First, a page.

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This Day in Labor History: August 21, 1791

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On August 21, 1791, the Haitian Revolution began. The largest and by far the most successful slave rebellion in world history, the Haitian Revolution transformed world history, foiling French imperial aims, leading to the expansion of the United States, placing fear into the hearts of slaveholders across the Western Hemisphere, and exposing the limits of the republican rhetoric of the Enlightenment. It’s also a story of the incredible bravery of the slaves themselves.

Immediately upon arrival in Hispaniola in 1492, Christopher Columbus instituted a forced labor system. This is the model Europeans sought from the very beginning. That island quickly became a center of colonial slavery, with populations brought over from Africa after indigenous peoples who the Spanish preferred to enslave died from disease. Between 1492 and 1494, one-third of the indigenous population died. Slaves always fought back, an important point not made often enough. As early as 1519, a slave rebellion took place there with both African and indigenous people rising up in revolt. Thousands of slaves started maroon communities during the colonial period, hidden from Spanish or French forces by the isolation of their camps deep within forests, mountains, and swamps.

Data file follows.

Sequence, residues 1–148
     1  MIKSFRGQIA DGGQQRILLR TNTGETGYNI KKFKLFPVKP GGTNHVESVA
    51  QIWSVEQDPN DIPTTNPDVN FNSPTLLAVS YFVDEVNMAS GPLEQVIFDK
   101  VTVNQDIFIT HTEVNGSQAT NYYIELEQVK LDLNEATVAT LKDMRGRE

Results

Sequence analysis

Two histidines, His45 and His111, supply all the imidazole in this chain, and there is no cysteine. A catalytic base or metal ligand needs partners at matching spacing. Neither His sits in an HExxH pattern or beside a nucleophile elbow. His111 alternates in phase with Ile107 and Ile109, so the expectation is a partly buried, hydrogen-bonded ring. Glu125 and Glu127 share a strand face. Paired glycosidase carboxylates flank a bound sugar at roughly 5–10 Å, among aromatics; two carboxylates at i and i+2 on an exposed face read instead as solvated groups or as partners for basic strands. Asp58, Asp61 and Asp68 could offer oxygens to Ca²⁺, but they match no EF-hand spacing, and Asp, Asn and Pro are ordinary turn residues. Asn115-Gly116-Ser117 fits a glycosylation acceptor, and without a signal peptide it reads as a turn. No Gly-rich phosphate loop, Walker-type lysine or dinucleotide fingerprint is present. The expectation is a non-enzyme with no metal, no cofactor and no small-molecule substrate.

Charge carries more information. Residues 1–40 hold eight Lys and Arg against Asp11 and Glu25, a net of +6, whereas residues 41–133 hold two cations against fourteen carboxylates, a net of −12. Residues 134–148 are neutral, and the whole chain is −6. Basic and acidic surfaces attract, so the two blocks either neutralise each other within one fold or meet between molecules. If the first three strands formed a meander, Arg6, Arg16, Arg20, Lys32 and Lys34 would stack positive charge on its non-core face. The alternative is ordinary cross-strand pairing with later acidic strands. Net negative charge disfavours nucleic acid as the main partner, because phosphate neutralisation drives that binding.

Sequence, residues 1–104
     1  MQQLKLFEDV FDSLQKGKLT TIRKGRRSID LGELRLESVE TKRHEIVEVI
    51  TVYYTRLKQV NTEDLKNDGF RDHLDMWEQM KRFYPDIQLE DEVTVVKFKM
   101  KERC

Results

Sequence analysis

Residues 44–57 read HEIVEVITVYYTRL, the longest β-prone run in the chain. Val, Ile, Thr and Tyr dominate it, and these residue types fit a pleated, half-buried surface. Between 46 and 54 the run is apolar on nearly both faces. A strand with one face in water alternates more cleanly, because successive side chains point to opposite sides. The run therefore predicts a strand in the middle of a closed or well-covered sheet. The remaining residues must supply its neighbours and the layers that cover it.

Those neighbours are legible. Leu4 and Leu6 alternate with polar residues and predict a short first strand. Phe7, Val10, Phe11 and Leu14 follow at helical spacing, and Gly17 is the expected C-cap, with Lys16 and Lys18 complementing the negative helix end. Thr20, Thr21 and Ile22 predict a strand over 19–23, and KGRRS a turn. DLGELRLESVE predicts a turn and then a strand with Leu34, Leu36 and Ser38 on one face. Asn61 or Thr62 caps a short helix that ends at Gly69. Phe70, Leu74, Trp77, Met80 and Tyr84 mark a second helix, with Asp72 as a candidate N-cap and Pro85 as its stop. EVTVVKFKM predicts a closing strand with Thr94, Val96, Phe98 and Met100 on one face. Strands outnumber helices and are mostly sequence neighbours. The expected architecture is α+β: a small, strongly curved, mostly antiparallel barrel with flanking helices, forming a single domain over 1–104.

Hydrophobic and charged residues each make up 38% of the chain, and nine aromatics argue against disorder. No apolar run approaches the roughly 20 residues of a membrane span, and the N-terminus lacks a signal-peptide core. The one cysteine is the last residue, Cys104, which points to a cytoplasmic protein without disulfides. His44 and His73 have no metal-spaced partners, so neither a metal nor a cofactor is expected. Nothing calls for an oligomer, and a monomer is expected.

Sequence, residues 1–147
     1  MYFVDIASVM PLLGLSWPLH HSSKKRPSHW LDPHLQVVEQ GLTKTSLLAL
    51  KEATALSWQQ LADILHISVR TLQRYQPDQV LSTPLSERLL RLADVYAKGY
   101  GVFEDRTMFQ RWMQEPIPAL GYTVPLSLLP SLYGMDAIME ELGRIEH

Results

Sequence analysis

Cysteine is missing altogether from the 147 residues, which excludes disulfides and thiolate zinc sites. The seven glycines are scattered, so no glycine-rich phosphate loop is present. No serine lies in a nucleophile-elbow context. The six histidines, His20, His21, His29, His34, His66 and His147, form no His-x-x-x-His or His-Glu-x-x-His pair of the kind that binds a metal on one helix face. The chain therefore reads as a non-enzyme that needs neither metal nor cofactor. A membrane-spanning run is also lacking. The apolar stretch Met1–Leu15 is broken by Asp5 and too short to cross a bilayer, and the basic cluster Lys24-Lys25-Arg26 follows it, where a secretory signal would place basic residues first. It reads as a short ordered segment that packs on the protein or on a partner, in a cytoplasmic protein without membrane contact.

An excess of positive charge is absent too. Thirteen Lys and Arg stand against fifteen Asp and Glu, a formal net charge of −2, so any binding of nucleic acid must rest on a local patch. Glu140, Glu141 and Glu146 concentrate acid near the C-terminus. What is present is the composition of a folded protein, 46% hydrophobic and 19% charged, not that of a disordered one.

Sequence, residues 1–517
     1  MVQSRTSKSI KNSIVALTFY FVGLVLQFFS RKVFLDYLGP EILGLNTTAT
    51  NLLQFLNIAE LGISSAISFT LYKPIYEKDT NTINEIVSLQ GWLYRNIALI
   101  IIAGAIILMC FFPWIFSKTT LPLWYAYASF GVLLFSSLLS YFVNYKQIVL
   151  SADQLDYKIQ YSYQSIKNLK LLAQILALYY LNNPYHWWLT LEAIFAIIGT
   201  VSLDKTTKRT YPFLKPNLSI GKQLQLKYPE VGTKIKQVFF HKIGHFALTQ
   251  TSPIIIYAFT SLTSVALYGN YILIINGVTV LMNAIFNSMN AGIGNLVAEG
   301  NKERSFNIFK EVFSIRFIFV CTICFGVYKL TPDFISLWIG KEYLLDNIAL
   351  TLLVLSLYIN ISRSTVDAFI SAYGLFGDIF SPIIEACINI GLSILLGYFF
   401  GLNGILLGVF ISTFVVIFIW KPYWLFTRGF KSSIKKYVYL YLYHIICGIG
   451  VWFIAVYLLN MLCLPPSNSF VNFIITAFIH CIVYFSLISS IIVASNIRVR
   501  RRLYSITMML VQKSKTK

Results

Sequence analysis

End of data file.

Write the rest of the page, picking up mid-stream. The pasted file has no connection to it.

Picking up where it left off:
In 1697, the French won the western half of Hispaniola from the Spanish. Soon it would become among the richest colonies in the world thanks to the sugar grown by slaves. It also became a huge coffee producer, producing 60% of the world’s coffee in 1789. But conditions for those slaves were utterly brutal. The enormous amounts of money in the sugar trade made it worse, because the labor costs to buy new slaves, while high for a Virginia tobacco farmer, was almost nothing for these sugar barons. They brought slaves from Africa and just worked them to death. These plantations were effectively death camps. Half of African slaves died within three years. Probably 1 million slaves died in Haiti during the period of French rule. If a slave ate some sugar cane, the slave would have to wear a tin muzzle while working.

There was a lot of discontent toward the French government in what was then known as Saint Dominigue by the 1780s. It was a tremendously wealthy colony. But the white population of about 40,000, influenced by the ideas of the Enlightenment and the American Revolution, were chafing at the centralization projects of Paris, including heavy import taxes. There were about 30,000 free blacks in Haiti, of which about one-half were mulattoes. Finally and most importantly, there were the 500,000 slaves whose labor created the wealth in the colony. In May 1791, the free blacks started a revolt when the island’s whites refused to acknowledge the French revolutionary decision to grant citizenship to free people of color, but it was the August slave revolt that targeted white slave owners that really brought Haiti to independence.